Posted on 3 October 2016
The Morton Arboretum is the site of numerous restoration projects. This includes the restoration of a 40 hectare tallgrass prairie and savanna which is one of the oldest tallgrass restoration projects in the United States. The Schulenberg Prairie and Savanna was established in 1962 and has developed over the decades to include over 500 plant species, including the introduction of 9 endangered species. The propagule sources for this restoration all came from within 80 kilometres of the restoration site, many of which have been subsequently demolished due to development and urban sprawl. The high species richness of this restoration also ranks similarly to local prairie remnants, a feat which is incredibly difficult to attain in tallgrass prairie restorations.
Oak Savanna woodland
The Morton Arboretum is also restoring 280 hectares of oak woodland, known as East Woods, which contains an old second growth oak (Quercus alba, Q. rubra, Q. ellipsoidalis, Q. macrocarpa) canopy with a greater sapling layer presence of mixed mesophytic species. This restoration includes experimental methods of prescribed fire and canopy thinning to recruit oak seedlings, which are largely absent from the woodland. Current management activities have yielded significant increases in species richness, including two locally threatened plant species. Finally, overall habitat heterogeneity throughout the Arboretum’s natural areas has recently fostered more ecological restoration projects within wetlands and along 6 kilometres of streams.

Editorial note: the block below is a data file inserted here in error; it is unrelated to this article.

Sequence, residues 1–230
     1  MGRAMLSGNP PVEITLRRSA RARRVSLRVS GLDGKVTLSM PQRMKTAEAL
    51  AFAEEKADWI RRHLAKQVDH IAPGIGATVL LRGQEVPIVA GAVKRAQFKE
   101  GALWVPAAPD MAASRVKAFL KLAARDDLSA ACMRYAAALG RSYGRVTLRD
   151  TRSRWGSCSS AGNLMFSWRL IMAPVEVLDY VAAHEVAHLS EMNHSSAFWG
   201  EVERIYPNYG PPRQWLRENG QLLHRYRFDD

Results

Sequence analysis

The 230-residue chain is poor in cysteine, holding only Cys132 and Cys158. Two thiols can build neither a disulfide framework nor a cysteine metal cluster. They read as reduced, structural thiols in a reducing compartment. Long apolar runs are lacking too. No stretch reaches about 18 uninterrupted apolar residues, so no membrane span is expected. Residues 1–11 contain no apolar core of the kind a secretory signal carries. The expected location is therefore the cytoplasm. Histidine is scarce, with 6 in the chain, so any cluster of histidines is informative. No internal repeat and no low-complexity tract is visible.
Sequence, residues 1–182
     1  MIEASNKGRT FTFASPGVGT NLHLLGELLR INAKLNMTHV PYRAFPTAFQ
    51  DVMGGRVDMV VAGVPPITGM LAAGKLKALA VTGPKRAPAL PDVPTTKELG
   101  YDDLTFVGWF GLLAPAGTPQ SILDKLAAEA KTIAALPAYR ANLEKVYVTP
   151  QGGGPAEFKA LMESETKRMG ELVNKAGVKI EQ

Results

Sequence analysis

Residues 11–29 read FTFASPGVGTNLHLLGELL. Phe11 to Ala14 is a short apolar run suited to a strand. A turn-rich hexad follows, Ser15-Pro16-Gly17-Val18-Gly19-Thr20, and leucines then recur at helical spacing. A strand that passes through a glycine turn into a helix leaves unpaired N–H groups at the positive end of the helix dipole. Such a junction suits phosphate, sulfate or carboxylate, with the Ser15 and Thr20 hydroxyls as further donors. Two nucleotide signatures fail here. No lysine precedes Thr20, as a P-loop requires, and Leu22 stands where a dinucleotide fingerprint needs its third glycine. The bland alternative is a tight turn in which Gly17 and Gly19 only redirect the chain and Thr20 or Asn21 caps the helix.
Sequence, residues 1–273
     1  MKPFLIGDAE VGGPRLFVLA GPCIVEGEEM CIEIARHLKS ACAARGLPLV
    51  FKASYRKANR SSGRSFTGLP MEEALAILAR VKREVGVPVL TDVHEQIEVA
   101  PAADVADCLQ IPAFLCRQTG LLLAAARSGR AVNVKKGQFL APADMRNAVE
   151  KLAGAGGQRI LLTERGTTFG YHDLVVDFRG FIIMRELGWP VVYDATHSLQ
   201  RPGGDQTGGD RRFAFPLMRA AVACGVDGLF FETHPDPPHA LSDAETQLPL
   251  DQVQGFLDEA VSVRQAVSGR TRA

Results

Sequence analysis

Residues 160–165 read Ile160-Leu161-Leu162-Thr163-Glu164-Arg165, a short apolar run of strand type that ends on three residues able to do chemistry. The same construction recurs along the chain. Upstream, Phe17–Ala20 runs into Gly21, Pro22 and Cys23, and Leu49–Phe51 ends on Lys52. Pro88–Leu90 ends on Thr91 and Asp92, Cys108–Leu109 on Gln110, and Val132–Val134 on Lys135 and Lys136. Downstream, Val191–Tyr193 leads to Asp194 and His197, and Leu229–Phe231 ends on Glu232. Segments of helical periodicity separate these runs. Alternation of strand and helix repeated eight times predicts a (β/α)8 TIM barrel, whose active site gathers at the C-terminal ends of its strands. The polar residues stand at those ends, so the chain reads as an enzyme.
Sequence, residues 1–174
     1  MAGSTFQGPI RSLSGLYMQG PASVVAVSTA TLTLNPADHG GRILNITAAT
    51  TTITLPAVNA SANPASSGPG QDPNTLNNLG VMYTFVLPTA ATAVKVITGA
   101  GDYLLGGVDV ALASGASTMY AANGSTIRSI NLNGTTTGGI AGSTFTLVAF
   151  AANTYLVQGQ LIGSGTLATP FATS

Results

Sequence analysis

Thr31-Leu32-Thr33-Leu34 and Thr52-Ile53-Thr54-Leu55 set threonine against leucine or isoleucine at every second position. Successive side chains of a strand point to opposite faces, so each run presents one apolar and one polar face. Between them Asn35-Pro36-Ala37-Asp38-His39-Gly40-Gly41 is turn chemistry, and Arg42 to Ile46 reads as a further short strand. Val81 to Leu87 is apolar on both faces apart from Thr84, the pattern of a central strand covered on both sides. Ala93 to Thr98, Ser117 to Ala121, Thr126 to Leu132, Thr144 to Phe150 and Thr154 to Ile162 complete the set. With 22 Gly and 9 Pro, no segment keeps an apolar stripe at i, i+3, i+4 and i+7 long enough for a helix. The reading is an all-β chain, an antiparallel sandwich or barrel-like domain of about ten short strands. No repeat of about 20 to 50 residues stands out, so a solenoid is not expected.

Schulenberg Prairie at the Morton Arboretum, one of the oldest restored prairies in the Midwest United States, was established in 1962.